How To

Patterning Bucks on Small Properties with Mike Monteleone

To help him hunt small properties, Mike Monteleone has his trail cameras running 365 days a year.

To help him hunt small properties, Mike Monteleone has his trail cameras running 365 days a year.

Author’s note: Mike Monteleone lives in Westminster, Maryland, and has worn Mossy Oak camo since 1988 and has hunted deer since he was 13 years old. He also is a member of PSE’s Pro Staff and has been shooting a PSE bow for five years. Today he shoots a PSE EVO Max, while primarily hunting in Maryland, Pennsylvania, and Delaware.

At any given time, I’ll have 10 to 15 different pieces of property to hunt. The properties I hunt generally are small, primarily in suburbia, ranging in size from eight to 20 acres and sometimes even as large as 400-acre farms. In Maryland, the places I hunt are pinch points, funnels, and bottlenecks where wood lots are pinched down between horse pastures, barns, and houses. There may be a 20-acre wood lot that serves as a boundary between three or four small horse farms. I may have permission to hunt those woods from one landowner, but not from the others. Ideally, I want the permission to hunt the middle section of that wood lot. Then I have a real honey hole, because deer often travel and feed throughout the entire 20 acres. If there are two or three good acorn trees on the property where I have permission to hunt, the properties I can’t hunt on will serve as sanctuaries. What I have to do is find one spot in the wood lot where I can see a deer anywhere from 10 to 40 yards from my treestand.

I put out Covert trail cameras that run 24 hours a day, seven days a week, and 365 days a year, even on properties I’ve hunted for years. From my cameras, I learn where to put up my treestands, when to put them up, and when to move them, but I stay out of the areas I hunt as much as I can. During hunting season, I check my cameras every three days. The rest of the year I only check my cameras about every three weeks. I also use binoculars to observe deer during the summer, until just after crop fields have been harvested. I try to stay at least 300 yards away from them though, and I make sure I remain upwind. At the beginning of bow season I wear Mossy Oak Break-Up Infinity camo. When the leaves come off the trees, I’ll wear Mossy Oak Treestand.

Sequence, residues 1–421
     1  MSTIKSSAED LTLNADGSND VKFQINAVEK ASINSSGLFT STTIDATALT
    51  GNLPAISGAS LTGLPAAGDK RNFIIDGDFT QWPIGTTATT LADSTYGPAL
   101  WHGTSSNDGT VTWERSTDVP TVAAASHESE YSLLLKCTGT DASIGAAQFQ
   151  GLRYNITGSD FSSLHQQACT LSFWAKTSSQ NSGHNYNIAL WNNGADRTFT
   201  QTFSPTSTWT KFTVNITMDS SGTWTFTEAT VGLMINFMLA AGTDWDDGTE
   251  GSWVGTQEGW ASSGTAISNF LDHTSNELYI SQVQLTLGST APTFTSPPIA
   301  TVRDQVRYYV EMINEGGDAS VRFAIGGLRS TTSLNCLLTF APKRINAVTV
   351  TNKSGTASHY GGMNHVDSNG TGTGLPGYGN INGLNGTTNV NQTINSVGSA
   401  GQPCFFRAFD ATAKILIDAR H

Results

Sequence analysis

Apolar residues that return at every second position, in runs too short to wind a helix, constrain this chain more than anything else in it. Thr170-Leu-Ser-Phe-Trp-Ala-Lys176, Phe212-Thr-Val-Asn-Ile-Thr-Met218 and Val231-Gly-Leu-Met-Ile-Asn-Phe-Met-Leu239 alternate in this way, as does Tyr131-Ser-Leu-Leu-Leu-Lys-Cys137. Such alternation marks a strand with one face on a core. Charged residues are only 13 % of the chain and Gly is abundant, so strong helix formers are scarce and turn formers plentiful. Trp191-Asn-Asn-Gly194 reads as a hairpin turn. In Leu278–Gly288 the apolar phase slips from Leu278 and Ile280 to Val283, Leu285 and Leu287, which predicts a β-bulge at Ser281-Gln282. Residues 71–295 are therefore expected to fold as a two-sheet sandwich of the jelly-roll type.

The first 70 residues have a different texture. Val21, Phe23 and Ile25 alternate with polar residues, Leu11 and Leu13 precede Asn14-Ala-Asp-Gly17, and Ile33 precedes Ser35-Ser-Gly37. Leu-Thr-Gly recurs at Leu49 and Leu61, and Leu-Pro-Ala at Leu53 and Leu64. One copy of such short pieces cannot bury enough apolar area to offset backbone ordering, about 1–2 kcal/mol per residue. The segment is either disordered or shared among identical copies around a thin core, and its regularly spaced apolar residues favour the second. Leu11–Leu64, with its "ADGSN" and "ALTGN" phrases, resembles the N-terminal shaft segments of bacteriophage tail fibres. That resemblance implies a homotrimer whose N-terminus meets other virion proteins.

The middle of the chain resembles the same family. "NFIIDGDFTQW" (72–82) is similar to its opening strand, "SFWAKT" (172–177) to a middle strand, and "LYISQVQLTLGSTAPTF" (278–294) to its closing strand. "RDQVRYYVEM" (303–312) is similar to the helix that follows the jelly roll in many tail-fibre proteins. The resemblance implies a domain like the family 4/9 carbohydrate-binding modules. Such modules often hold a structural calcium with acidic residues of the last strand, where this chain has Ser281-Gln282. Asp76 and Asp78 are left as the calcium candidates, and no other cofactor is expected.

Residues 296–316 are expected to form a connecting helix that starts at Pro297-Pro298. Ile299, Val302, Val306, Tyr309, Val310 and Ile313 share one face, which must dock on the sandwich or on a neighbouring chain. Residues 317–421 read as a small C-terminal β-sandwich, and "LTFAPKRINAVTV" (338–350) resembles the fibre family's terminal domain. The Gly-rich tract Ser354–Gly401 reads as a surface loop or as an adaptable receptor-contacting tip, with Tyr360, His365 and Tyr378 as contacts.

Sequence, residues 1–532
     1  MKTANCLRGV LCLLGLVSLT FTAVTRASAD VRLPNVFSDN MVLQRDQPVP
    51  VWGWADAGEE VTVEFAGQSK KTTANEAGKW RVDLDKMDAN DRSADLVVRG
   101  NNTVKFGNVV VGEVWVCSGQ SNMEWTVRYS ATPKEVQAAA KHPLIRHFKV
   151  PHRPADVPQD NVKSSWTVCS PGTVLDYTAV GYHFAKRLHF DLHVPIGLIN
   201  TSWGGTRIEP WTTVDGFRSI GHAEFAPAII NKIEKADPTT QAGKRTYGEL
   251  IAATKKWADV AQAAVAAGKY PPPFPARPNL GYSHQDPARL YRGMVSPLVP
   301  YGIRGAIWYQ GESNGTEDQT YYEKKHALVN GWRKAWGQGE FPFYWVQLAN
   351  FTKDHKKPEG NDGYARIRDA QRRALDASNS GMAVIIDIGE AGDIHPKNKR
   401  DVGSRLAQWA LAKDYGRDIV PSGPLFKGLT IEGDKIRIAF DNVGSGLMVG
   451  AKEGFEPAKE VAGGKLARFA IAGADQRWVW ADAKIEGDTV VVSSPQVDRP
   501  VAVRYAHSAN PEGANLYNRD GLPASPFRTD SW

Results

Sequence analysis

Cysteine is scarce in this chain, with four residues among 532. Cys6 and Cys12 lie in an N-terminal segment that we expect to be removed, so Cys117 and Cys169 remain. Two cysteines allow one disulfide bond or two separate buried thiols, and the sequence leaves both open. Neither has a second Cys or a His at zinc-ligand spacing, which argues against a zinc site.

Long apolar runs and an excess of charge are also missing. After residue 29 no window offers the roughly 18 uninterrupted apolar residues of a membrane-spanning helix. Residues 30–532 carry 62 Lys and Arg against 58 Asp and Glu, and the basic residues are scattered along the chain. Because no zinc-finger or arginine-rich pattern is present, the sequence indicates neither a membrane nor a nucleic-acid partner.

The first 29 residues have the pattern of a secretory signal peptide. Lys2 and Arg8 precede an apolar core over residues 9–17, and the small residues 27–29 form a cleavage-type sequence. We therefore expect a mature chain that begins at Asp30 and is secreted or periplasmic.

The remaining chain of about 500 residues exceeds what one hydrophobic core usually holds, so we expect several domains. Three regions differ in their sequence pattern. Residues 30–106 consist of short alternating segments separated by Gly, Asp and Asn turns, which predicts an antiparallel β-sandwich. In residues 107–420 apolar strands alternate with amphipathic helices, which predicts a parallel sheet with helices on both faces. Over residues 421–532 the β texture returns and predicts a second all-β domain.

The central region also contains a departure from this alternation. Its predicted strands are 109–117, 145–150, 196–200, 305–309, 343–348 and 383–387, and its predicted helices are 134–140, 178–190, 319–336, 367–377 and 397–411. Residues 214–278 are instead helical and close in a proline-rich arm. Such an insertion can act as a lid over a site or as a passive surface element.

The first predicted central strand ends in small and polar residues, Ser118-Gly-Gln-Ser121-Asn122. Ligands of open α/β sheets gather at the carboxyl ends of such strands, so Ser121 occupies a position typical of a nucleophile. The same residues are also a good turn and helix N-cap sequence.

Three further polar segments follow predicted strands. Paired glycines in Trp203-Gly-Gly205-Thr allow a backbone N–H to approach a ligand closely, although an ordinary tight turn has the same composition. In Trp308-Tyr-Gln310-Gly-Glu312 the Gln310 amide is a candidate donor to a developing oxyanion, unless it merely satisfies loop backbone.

In the early season (September and October), I already have my treestands hung based on trail camera information and long-distance glassing. My stands are on trails between bedding areas and feeding places at this time of year. The bigger bucks on these properties normally don’t like to move during daylight hours at the very beginning of bow season.

Another thing I’ve learned is that really big bucks want their bedding regions to be as close as possible to the places where they feed. Often older bucks will be bedded within 100 to 500 yards of a field, if they can find some kind of thick cover to bed in. I try to take these older bucks in the first few minutes of light as they’re coming from the field going to their bedding sites, or hunt them late in the afternoon when they are headed in the other direction. From the information I gather from my trail cameras, I can learn approximately at what time the bucks leave their feeding areas in the morning, and at what time they leave their bedding places late in the afternoon. If I’m hunting in urban communities without agricultural fields during the early season, the deer will be feeding on honeysuckle and a vine we call “sticky vine” that has pink flowers and berries on it.

Download the FREE Mossy Oak Weather App, and register for a chance to win a Giles Island deer hunt and gear package worth almost $5000 by going to http://www.mossyoak.com/weather-app-contest?id=OH-2.

Image courtesy John E. Philips

Any views or opinions expressed in this article are those of the author and do not reflect those of OutdoorHub. Comments on this article reflect the sole opinions of their writers.